Lindsay is the creator of ‘Lindsay Does Languages’. She helps language learners to learn better on their own, and helps teachers create a sustainable online teaching business.
These days, she’s best known for her blog and YouTube channel, but she also hosts a podcast. In this interview we’re going to learn: – How to start teaching online
– Which platform you should pick (YouTube, IG, podcast or other)
– How to teach languages in a smarter way and grow your business
How Lindsay got into teaching languages
Lindsay started teaching when she was about 16 or 17 years old. At school, she had to do what was called ‘community service’, and hers involved going along to a language class once a week, teaching11 year-old children. That was her first experience of teaching languages. Later, she went to Costa Rica for three months to teach English. She loved the experience as a teacher, so when she returned to the UK she found a job as a teaching assistant for children with additional needs, in the language department.
Unfortunately, it was a low paid job, so Lindsay had to look for opportunities to teach students after she had finished her work. She started the same job at a second school and hated it. In 2012, she went full-time teaching on her own and in 2014 she started teaching online. These days she doesn’t teach anymore, but instead she develops courses and programmes that help students to better learn by themselves, and for teachers to teach online and make a good living from it.
The joy of working for yourself
Lindsay loves her work because it gives her the freedom she wants, while she can still continue working directly with people.
‘’If you teach languages at school you need to follow the school programmes. I’m now in charge of what direction we take things in and that’s what I love about it.’’
Can you really make a full-time living on platforms like iTalki and Verbling?
Probably not anymore, according to Lindsay. There is too much competition these days, and depending on which country you live you could actually make less than the minimum wage. These platforms are a good place to build confidence and gain experience, but if you want to build a sustainable business you should build your platform on the side.
Building an online following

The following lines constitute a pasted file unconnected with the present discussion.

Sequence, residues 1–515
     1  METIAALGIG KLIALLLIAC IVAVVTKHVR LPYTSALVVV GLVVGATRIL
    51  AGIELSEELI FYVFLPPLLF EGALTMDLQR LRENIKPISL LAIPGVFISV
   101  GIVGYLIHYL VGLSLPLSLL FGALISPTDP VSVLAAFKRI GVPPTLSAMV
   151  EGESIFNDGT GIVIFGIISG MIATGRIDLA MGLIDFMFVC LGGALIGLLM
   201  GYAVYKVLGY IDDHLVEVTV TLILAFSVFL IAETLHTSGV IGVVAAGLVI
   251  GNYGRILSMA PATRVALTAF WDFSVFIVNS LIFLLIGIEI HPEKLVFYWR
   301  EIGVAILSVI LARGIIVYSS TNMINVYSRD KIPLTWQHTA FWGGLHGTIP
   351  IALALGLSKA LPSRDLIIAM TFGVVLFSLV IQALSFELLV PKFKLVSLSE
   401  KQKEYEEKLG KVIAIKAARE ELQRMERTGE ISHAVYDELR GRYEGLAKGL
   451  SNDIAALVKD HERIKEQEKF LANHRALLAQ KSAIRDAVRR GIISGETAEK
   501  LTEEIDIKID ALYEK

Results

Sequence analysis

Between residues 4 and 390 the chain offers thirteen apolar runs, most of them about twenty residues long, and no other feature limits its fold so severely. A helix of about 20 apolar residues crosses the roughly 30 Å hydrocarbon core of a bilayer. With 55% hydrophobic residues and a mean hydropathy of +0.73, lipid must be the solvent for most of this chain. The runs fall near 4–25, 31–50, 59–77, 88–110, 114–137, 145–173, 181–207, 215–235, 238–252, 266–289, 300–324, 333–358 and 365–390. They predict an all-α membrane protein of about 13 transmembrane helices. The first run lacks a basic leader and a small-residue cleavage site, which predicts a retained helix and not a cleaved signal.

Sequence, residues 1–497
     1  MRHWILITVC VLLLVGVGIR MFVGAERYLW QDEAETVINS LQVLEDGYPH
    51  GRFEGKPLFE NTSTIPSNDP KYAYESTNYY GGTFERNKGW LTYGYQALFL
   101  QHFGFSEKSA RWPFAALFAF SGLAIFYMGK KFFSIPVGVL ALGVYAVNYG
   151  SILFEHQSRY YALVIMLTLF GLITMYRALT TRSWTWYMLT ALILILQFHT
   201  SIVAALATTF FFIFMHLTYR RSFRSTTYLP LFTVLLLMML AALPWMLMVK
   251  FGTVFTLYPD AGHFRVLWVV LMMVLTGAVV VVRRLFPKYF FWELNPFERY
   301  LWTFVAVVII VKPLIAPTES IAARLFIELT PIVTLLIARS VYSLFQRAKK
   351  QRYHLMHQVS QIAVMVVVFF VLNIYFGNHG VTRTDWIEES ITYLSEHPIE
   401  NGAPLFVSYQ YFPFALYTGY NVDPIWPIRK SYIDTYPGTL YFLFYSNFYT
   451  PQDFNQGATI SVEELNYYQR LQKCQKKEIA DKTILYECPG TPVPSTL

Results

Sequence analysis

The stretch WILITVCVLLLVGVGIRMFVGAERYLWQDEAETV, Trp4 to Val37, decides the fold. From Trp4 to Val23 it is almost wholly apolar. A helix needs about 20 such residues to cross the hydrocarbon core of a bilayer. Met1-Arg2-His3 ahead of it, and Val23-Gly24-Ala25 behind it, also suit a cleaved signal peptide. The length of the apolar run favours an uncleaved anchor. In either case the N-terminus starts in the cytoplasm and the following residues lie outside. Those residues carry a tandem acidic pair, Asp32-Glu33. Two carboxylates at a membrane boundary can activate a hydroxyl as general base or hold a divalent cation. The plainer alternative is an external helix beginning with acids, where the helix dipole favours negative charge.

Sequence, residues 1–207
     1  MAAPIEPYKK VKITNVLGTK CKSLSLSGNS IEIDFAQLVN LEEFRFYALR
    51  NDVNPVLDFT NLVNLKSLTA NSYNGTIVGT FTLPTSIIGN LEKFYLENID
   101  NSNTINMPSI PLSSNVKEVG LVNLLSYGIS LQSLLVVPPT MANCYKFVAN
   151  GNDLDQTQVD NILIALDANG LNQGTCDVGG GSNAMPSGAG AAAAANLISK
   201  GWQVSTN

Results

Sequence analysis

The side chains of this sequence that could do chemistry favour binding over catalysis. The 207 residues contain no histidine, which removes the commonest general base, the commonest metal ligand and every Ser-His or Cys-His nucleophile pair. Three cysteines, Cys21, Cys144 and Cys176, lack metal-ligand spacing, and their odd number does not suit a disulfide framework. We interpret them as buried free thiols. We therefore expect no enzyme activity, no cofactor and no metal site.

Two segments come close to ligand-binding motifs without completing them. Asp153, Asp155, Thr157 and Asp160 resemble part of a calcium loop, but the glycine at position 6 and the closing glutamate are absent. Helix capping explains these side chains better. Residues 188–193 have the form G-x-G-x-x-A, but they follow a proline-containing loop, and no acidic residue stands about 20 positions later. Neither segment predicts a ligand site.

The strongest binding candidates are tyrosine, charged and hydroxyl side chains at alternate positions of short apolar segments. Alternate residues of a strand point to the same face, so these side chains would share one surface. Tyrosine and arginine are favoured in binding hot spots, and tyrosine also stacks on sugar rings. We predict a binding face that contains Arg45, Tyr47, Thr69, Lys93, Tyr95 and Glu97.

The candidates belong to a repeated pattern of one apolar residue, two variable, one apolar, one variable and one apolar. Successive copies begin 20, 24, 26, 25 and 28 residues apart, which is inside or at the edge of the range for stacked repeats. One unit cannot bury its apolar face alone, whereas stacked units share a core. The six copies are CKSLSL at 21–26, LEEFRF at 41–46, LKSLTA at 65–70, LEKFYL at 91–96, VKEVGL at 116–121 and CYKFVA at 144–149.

Lindsay already had a website, so she came up with the idea to add a blog to it so that people who were searching online for language learning-related topics could find her. The first YouTube video she created was the introduction video for her iTalki profile. Her husband is a video creator, so he helped her with the recording and they gave it a creative spin. While editing the video her husband realized that Lindsay was actually very good on camera. ‘You should do YouTube!’ he said. Lindsay thought; ‘what harm could it do to just have a couple of videos up?’, and so she gave it a try. She created videos on topics like; ‘What is Language?’, ‘9 Reasons to Learn a Language’, ‘9 Reasons to Learn Spanish’, etc. She received many positive reactions from viewers and her channel grew much faster than she expected.
Which platform should you pick, YouTube, Instagram, or a podcast?
Ask yourself what you are good at and play to your strengths. Don’t follow what’s trendy but instead pick a medium that fits your personality well and that comes easy to you.
Don’t think that you need to be on all social media platforms. Especially in the beginning, focus on one thing that you know you can do really well, and do it really well – you can always add another platform later if you already have the traction.
Setting realistic goals
If you want to build a platform, set realistic goals. Ask yourself what you can do every single week. Building an audience takes time and you need to be consistent, so set realistic goals. Create quality content on a consistent basis; that’s how you build a sustainable online business.
How to teach languages in a smarter way and grow your business.
Lindsay suggests you ask yourself the following question: ‘’How can I help people best in the most effective way, and how can I help more people in the same amount of time?’ The key is not to teach more hours but package what you offer in a smarter way. For example:
If you offer one-on-one teaching, instead of charging by the hour, offer packages. Let your students pay beforehand, that way they will be more likely to show up.
Sell subscription-based programmes. Offer group lessons so that you can help more people at the same time. Use scheduling tools like Acuity scheduling and Calendry. Offer replays to the students who can’t make it to your lessons. Sell digital products like ebooks, courses, learning materials, membership programmes, and live training sessions.
Lindsay’s final tip: be unique! Why should someone take lessons with you? Develop a certain approach toward learning the languages that you teach and make it clear what you’re about. Stand out from the crowd!
What kind of courses should you create?
Ask yourself the following questions: – What do your students want? – What are you good at? – What knowledge do you already have? If you can find something that touches on all of them, you’ve found the sweet spot!